Brussels: Nato defence ministers are to meet on Tuesday to review the alliance's costly commitments, most notably in Afghanistan, as slowing Western economies seriously undercut defence spending.
Afghanistan is the major talking point, to be taken up tomorrow, officials said, with the alliance soon to start planning for its new training, advice and assistance mission after the 2014 withdrawal of combat troops.
The Nato-led peacekeeping force in Kosovo, whose self-proclaimed independence is disputed by neighbouring Serbia, is less dramatic but also requires discussion as the commitment runs into its 13th year.
Officials on Monday highlighted the impact of the economic slump on defence spending, stressing the need for a common effort to make funds go further and the importance of joint operations and capabilities, as demonstrated in Afghanistan.
"If we wind down our combined operations, what can we do to maintain our inter-operability (which) is both a military requirement and a political one," one official said.
Nato agreed at a Chicago summit in May on a "2020" concept which gives a large role to "Smart Defence," the sharing of resources combined with more coordination.
The issue is fraught, however, as member nations jealously guard sovereignty in the all important matter of defence, though there seems to be little alternative to more burden sharing for all NATO members.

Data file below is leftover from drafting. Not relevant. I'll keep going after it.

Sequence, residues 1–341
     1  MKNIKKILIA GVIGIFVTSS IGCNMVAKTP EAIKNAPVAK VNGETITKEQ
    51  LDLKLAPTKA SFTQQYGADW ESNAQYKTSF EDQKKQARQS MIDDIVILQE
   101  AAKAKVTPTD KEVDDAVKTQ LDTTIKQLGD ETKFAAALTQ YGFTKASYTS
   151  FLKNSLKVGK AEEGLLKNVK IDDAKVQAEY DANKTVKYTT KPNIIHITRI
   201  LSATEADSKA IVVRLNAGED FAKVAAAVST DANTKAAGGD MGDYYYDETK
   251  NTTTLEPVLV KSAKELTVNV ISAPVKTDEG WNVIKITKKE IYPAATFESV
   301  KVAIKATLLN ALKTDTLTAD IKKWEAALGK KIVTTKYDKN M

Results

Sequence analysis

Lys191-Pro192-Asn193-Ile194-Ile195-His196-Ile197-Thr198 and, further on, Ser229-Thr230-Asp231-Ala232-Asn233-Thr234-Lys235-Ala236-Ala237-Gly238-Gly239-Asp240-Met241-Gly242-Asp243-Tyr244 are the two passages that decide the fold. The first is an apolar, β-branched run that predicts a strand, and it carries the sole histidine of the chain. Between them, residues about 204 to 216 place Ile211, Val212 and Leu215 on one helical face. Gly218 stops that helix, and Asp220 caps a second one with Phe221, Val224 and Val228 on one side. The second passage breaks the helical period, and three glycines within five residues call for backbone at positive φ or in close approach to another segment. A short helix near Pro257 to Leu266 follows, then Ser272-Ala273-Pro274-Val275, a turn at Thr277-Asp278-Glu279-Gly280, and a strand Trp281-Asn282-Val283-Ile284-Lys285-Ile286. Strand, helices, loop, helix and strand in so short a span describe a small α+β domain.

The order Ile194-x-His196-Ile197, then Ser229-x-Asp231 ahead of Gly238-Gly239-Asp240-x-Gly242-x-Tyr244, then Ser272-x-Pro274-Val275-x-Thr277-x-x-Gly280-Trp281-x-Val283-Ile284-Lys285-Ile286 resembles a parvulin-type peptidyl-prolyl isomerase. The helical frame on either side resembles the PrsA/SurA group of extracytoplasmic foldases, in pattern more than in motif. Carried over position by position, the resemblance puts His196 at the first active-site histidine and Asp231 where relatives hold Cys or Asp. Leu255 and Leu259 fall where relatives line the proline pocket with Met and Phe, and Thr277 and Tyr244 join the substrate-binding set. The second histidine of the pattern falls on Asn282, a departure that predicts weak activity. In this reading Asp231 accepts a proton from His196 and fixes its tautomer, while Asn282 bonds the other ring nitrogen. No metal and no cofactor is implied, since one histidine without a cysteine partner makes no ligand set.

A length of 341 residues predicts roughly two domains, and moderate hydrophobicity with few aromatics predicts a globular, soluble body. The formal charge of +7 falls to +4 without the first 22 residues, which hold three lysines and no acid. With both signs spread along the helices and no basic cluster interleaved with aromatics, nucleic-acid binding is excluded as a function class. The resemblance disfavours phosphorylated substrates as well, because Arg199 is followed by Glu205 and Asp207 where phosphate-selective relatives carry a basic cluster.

"Economic conditions in many countries have not got any better since Chicago... it is not realistic to think of large increases (in defence spending) at the national level," one official said.
A planned major tie-up between Britain's BAE Systems and EADS, the European aerospace giant, represents a massive pooling of European defence resources but officials said the deal was not on the agenda.
Ministers involved — British, French, German and US — were likely to take it up separately, they added. BAE Systems have a large part of their business in the United States.
Officials said the Syria conflict will also feature amid mounting fatalities and tensions involving alliance member Turkey but the subject is not on the official agenda.
One senior Nato diplomat described the Syrian shelling which killed five people in a Turkish border village last week as "behaviour totally unacceptable" and stressed Ankara's status as a fully paid-up Nato member.
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